Sailing shapes

When I looked at this scene early this morning the first thing I thought was “how do I make sense of this confusion?” I’ve painted it before — last summer, and the summer before — but not in the early morning like this and perhaps with fewer boats in the bay. If you think about it, it’s impossible to draw in all the details on the boats, unless of course you have all day and besides, why draw details that you can just as easily add in with a brush? In a scene like this there are three repeating motifs: the sail covers, the masts and the shapes of the foreground boats. The rest is just filler. Bits of lights and darks between those shapes that convey more rows of boats.

So here’s what I did. I drew the foreground boats, the sail covers, the horizon line and the line of trees. When it came time to paint, I started with the sky and water and left a good chunk of unpainted (white) shapes in the middle. If you look carefully, there are no boats behind that first row. Just masts, sail covers and little dark and light shapes. I painted the reflections fairly early on in the process and it’s a good thing I did since the wind picked up not long after and changed the scene considerably. The last thing I did was the masts, trying to connect them with the sails, and not always succeeding.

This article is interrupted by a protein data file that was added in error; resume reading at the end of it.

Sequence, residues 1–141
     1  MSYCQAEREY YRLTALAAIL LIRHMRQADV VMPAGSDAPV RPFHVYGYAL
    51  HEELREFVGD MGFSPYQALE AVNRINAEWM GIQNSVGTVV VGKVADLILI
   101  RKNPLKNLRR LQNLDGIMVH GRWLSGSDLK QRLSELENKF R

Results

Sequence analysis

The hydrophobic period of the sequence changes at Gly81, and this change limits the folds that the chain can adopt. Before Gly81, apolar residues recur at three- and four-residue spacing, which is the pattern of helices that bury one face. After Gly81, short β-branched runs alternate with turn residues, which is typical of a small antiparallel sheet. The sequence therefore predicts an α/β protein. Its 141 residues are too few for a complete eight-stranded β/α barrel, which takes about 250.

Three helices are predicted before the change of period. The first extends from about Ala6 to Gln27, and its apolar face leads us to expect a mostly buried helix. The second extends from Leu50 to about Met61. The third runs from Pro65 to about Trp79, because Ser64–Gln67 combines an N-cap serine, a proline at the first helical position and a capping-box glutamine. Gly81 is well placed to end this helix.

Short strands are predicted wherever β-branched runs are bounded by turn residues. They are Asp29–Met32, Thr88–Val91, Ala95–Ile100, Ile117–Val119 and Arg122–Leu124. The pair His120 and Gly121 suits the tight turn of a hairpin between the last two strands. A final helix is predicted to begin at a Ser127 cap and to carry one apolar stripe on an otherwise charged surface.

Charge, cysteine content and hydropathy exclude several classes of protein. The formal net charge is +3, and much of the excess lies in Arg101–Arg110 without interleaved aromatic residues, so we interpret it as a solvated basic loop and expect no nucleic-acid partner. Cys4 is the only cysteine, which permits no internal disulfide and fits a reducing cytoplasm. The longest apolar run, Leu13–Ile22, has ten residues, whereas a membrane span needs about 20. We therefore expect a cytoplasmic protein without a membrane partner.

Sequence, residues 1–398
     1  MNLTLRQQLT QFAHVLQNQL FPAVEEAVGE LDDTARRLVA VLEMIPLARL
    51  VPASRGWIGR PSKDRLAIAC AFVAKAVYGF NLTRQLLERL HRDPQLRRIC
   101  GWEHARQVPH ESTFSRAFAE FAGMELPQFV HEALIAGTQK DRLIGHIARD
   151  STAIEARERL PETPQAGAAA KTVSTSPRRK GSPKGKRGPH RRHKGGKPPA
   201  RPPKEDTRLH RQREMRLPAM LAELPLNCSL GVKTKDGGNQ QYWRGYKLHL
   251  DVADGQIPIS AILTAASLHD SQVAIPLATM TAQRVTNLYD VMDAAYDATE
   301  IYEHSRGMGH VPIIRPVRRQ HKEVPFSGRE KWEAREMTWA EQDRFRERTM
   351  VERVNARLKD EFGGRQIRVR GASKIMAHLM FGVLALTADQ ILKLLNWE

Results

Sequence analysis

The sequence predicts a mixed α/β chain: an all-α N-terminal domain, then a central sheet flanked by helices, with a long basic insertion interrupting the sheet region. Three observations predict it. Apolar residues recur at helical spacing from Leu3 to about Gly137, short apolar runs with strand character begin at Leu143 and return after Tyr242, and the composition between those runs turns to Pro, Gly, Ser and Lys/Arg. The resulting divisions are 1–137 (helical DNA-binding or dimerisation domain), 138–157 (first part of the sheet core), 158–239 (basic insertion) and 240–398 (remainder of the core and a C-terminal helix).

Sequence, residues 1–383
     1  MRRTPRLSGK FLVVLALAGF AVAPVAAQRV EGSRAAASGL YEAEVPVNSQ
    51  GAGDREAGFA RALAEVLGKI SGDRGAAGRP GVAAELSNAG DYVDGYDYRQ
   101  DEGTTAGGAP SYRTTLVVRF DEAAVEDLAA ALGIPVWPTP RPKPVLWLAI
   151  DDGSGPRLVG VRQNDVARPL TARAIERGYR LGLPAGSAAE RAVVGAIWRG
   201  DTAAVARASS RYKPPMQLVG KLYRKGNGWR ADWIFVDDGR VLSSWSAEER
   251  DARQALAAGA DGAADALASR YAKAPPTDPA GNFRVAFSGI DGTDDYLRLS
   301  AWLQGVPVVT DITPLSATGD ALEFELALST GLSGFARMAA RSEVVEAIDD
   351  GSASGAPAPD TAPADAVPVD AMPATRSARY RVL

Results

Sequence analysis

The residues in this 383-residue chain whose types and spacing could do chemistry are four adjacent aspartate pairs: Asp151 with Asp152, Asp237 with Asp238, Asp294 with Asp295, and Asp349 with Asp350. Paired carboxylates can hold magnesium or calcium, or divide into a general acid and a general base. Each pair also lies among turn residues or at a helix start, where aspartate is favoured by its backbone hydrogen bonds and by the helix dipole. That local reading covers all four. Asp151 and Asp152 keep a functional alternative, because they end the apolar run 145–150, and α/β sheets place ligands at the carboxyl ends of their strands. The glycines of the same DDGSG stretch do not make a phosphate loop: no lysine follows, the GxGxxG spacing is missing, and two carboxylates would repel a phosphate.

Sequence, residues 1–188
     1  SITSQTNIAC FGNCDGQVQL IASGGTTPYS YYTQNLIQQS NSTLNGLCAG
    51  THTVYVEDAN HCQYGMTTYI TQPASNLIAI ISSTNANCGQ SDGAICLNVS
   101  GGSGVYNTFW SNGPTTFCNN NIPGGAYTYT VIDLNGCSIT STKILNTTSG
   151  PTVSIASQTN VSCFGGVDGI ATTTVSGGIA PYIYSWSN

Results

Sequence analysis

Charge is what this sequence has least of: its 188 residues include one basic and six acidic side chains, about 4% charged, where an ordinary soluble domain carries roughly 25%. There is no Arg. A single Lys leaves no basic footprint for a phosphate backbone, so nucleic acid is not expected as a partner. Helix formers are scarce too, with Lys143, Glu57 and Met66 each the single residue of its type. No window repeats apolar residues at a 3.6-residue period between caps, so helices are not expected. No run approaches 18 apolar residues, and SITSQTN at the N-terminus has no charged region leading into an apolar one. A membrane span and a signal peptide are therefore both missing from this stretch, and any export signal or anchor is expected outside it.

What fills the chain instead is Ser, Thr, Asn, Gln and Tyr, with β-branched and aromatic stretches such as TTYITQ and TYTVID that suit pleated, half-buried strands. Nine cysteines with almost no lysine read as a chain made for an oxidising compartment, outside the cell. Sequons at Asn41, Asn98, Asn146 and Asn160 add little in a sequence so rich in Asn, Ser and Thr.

Lake water

Here’s a tip for watercolour painters: bring extra water if you go out painting. I should really carry a jug in the car but I don’t, so today when I needed some clean water I took the stairs down to the lake and filled my cup. Now this wasn’t for drinking — the water from Lac St. Louis isn’t clean enough for that. But if you don’t mind little bits of seaweed floating around, it’s fine for painting. The yacht club in Pointe Claire is starting to have that busy summer feeling and that’s what I tried to convey today. The water was dead calm so it was a good day to paint, although probably not a good day for sailing. Painted on Arches paper, 140 lb CP, 15″ x 11″.


Fast and dark